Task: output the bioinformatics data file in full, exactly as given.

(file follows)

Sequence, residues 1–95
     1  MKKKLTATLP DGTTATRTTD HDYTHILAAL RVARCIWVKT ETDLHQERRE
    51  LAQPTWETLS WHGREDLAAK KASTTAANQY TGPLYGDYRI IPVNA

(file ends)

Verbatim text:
Sequence, residues 1–95
     1  MKKKLTATLP DGTTATRTTD HDYTHILAAL RVARCIWVKT ETDLHQERRE
    51  LAQPTWETLS WHGREDLAAK KASTTAANQY TGPLYGDYRI IPVNA